Posted on 2 Comments

Anyone want to do a group project?

I’ve never done an open source project before. Here’s my proposal. We write a WordPress plugin that helps create a blacklist of known content thieving IPs. When an IP from the blacklist requests the RSS feed or direct link from the WordPress blog, we deliver an anti-theft of content notice instead of the actual content. The plugin will have the ability to deliver a custom message allowing people the personal choice of making the payload as obscene or marketable as they like. I have some thoughts on implementation since the splog delivering the content might have a different IP than the scavenger. For instance, the plug could alter the comment interface to include a check to mark a comment or trackback as potential content theft. The plugin would then have to examine the server logs to try to draw a correlation between when the real content was posted, the IPs that requested the RSS or post, and the time the stolen content was posted. With large samplings to a single database I think we could be very effective at blocking the thieves. Now, what’s the abuse potential here?

After getting this working on WordPress, I think we could extend it to other platforms.

Update: Looks like Owen Winkler (Antileech) has already written this! Kudos! Lorelle gives an overview and also recommends Digital Fingerprint Detecting Content Theft WordPress Plugin.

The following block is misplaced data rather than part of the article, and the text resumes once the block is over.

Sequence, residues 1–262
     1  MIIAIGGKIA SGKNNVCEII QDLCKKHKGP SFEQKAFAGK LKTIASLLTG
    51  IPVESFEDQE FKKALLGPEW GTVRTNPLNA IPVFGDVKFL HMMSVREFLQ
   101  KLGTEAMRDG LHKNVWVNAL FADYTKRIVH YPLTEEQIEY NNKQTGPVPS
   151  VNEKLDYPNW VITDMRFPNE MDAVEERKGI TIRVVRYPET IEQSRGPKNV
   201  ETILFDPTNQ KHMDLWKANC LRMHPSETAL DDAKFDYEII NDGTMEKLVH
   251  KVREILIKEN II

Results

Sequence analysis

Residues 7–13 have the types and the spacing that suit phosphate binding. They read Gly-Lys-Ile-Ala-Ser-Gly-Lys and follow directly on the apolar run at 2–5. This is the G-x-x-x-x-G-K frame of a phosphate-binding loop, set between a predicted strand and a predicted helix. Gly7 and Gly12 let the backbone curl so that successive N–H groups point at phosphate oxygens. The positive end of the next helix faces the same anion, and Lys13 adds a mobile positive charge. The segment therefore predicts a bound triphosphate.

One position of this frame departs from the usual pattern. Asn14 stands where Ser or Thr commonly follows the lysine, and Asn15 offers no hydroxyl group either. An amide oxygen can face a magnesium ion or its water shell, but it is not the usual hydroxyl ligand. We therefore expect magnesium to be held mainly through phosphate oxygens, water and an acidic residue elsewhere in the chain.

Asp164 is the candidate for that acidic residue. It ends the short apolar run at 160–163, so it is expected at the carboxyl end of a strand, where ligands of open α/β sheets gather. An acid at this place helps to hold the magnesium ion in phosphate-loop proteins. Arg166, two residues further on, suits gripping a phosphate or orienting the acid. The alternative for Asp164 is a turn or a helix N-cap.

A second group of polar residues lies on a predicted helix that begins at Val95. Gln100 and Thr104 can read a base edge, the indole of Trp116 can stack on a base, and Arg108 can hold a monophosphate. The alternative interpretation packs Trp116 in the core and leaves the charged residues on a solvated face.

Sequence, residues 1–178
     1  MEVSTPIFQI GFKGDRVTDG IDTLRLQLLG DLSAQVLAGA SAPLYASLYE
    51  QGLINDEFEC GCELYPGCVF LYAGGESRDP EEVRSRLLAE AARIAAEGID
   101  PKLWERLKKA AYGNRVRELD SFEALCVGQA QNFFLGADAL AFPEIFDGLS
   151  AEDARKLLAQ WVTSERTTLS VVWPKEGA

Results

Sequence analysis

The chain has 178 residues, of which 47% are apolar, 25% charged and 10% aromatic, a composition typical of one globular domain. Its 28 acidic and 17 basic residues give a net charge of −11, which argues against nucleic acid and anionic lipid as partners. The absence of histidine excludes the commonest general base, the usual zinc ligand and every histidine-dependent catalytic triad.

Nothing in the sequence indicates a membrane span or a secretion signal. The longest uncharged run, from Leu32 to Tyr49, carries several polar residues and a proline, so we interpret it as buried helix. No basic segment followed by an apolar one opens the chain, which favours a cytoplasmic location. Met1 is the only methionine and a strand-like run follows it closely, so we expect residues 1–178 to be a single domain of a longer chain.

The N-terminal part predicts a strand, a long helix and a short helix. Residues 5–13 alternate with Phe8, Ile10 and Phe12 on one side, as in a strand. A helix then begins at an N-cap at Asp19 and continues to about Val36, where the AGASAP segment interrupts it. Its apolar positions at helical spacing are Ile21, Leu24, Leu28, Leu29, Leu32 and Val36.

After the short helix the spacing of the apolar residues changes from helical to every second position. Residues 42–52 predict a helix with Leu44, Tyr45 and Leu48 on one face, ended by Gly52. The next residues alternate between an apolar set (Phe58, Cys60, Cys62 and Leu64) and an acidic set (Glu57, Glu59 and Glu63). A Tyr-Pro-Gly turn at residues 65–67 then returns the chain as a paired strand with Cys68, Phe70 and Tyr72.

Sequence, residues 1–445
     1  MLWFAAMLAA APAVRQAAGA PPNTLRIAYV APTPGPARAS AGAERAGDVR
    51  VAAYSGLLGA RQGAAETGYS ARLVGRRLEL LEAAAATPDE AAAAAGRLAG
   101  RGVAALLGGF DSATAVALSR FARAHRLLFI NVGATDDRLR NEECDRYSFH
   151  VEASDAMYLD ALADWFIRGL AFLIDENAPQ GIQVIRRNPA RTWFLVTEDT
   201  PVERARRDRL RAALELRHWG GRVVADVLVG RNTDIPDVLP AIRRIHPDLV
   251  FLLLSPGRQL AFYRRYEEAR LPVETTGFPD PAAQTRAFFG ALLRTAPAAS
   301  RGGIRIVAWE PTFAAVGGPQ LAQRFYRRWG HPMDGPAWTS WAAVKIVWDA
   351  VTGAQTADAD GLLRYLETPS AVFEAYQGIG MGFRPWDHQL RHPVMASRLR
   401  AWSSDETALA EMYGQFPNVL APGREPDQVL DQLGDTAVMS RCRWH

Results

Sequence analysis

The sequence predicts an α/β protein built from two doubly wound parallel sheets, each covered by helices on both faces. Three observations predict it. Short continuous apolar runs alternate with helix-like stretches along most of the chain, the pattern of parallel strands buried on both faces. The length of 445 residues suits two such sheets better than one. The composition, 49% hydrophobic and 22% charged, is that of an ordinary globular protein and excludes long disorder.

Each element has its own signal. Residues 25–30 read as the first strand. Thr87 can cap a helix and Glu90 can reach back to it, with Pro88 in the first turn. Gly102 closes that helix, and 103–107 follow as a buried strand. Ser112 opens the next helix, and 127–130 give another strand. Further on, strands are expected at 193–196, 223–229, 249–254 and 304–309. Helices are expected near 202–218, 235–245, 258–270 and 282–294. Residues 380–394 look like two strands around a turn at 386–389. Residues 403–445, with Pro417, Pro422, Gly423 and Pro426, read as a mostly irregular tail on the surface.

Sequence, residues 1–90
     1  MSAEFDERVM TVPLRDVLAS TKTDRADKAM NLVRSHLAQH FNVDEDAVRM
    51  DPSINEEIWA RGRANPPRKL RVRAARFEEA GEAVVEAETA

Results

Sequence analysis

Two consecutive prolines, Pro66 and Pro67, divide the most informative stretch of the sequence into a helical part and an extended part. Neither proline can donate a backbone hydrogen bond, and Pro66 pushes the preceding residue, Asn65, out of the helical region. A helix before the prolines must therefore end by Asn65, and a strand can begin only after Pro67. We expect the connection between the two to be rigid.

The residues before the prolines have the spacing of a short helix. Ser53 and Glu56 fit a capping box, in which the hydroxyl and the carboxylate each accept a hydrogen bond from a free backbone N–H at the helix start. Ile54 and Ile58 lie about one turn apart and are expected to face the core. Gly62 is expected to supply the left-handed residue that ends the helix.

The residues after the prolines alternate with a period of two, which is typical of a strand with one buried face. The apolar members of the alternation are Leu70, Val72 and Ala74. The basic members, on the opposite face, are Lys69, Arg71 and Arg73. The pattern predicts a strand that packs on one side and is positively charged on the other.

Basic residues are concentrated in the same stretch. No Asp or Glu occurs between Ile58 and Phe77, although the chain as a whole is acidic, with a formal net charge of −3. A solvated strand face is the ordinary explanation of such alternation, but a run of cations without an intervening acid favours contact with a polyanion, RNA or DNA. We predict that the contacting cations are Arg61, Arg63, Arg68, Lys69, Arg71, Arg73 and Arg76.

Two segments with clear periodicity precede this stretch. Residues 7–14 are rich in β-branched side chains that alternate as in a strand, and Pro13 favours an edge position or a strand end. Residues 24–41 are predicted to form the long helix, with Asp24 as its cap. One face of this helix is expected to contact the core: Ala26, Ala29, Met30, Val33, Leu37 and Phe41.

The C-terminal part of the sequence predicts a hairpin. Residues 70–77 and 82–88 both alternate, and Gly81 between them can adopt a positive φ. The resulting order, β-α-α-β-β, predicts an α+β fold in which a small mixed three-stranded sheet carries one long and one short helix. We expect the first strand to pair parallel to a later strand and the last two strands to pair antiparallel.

2 thoughts on “Anyone want to do a group project?

  1. Interesting idea, a few points.

    First, you might want to take a look at Copyfeed, I know I mention it everywhere I go but it is open sourced and has some of the functionality you describe already plus some. Might be better to not reinvent the wheel as they say.

    Second, I don’t know how you plan on maintaining a centralized service here, this is a war on akin with the virus/antivirus war. Spammers are constantly building new networks, Also, many sites use the same IP among different blogs, such as Blogspot and, and you can mix both legit and illegitimate blogs that way.

    You would have to have a system to not only accept new IPs, but outdate old ones and ensure you don’t ensnare good sites. It could take a lot of work in the maintenance department.

    Finally, you have to have a system to deal with abuse. I could report a legitimate aggregator to get them blacklisted in your service and hurt their business.

    Just some thoughts on the matter.

  2. Yes, definitely no small task. I’ll gander Copyfeed. Not sure I want my mission in life to become “spam fighter” but I bet I could put a hurt on them. Now if I could get some R&D funding 🙂

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